One of the hymns featured on the radio and the website this month is the beloved, O Sacred Head, Now Wounded. The words were written sometime in the twelfth century, yet they are as powerful today as they were over 800 years ago.
The writer of this medieval hymn was a French monk by the name of Bernard of Clairvoux. Revered by both John Calvin and Martin Luther, Bernard preached a devotion to Christ that still inspires today. the hymn was first written in Latin, then translated into German by Rev. Paul Gerhardt and finally into English by Rev. James Alexander.
On the website our hymns are accompanied by fascinating historical/biographical information and a brief devotional inspired by the words of the hymn. Below are the inspirational thoughts that are included with this great hymn. May they lift your spirit and inspire your devotion to Christ.
With the Season of the Cross upon us, our thoughts are drawn to Jesus' death. It's a season of sober feelings and somber emotions as we consider the weight of our sin and the wonder of God's grace.
When he wrote the poetry to O Sacred Head, Now Wounded sometime in the twelfth century, Bernard of Clairvaux experienced these same feelings. His words create a stirring picture of Jesus, head bowed and bloody under the crown of thorns cutting into his flesh. But, even more stirring is his heartfelt confession that "mine, mine was the transgression, but Thine the deadly pain."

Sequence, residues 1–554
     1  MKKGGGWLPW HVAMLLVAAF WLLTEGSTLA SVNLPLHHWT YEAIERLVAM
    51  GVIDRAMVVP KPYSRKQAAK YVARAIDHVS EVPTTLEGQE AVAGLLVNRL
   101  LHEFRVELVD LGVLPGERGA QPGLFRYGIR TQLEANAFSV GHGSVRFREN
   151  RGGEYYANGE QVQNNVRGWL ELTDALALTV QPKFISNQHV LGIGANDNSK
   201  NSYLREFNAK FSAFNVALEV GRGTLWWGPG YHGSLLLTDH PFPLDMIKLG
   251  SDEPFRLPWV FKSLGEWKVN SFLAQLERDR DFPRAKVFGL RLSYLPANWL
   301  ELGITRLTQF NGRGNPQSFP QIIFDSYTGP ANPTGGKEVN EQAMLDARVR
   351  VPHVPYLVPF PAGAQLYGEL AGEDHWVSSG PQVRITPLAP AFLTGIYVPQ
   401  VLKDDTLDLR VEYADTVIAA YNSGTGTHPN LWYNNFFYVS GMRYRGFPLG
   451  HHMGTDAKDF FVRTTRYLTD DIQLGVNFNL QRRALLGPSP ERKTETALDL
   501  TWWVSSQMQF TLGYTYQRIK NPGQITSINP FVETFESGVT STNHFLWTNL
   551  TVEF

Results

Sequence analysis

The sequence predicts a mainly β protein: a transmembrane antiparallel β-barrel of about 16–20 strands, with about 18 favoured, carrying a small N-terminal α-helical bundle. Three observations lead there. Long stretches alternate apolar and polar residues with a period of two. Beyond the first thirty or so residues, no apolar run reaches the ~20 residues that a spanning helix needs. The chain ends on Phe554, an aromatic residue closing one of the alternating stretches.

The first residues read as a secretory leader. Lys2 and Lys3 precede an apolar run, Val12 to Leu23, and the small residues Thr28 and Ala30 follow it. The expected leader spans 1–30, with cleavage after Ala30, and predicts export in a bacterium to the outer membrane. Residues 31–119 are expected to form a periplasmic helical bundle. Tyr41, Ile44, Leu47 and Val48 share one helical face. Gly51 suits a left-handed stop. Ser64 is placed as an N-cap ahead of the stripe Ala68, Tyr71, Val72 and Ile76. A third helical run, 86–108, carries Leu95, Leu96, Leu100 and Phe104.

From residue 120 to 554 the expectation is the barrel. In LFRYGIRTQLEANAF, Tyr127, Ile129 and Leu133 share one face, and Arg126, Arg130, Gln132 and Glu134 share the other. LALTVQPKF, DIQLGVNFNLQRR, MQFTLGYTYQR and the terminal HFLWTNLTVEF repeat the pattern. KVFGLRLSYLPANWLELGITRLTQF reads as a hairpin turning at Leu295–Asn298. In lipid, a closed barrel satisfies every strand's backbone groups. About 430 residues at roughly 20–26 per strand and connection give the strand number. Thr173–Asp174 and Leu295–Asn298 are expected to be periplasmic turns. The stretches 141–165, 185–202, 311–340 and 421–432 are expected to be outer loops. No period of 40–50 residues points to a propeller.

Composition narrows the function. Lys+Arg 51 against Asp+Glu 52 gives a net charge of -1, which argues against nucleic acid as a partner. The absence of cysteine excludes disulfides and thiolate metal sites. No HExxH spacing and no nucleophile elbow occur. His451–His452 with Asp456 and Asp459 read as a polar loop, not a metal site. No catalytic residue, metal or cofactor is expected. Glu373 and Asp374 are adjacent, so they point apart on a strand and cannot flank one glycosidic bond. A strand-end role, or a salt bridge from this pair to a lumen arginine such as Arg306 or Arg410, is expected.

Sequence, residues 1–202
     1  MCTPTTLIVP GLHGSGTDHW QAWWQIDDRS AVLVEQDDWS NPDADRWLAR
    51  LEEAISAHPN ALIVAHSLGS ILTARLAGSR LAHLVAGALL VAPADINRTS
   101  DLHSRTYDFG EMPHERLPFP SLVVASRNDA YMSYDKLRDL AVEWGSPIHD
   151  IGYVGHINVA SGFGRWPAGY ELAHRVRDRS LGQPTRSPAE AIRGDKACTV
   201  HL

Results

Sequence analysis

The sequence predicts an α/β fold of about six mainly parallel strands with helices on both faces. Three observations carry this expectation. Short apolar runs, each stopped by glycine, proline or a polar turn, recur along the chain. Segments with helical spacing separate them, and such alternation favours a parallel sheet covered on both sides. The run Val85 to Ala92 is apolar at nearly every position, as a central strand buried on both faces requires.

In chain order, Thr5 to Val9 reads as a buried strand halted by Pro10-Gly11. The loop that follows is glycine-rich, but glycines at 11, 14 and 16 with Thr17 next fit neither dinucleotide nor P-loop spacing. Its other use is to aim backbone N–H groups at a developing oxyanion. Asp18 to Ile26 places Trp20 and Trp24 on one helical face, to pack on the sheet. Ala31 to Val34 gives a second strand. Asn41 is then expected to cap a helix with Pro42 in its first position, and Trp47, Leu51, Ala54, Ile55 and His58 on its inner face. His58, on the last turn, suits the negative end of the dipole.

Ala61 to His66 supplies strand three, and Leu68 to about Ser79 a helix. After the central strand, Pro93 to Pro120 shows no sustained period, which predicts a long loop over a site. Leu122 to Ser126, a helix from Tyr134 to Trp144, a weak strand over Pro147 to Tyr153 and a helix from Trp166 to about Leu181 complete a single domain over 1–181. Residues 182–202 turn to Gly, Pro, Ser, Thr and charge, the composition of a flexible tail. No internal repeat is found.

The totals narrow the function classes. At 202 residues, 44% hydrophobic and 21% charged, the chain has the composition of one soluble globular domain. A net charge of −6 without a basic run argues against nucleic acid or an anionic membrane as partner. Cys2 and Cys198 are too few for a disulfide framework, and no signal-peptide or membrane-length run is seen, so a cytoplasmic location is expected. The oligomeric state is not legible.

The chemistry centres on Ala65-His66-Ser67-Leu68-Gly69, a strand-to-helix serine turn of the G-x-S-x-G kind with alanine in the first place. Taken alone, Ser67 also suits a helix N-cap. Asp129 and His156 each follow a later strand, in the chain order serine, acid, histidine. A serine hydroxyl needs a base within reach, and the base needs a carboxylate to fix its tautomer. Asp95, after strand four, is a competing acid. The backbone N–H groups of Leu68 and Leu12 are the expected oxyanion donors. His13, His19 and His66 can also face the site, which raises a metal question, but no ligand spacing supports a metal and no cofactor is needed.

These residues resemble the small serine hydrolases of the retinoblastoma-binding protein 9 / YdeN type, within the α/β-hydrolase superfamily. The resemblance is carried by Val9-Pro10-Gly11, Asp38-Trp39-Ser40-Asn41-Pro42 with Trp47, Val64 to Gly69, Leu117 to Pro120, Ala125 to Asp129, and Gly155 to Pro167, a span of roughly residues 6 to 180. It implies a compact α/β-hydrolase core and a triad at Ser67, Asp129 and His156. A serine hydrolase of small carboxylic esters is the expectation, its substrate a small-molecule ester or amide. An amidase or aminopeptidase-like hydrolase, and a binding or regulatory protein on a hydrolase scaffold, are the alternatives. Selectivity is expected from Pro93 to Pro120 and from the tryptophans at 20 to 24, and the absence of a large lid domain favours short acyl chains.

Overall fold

In our hectic world, it's so easy to be caught up with the cares and concerns of this life...worrying about finances, work that never seems to get done, or keeping up with family and friends. But with the words of this week's hymn, our attention is pulled back to the thing that matters most: Jesus' sacrificial death on the cross. Even on our busiest days, may we never forget to thank Him for this inconceivable act of love.
Today, consider the words to this wonderful hymn and remember Jesus' suffering anew. His torture was our triumph. His sorry was our salvation. And then in response to Christ's astounding sacrifice, may we echo the sentiments of Bernard of Clairvaux as we sing this timeless hymn:
O make me Thine forever;
And should I fainting be,
Lord, let me never, never,
Outlive my love for Thee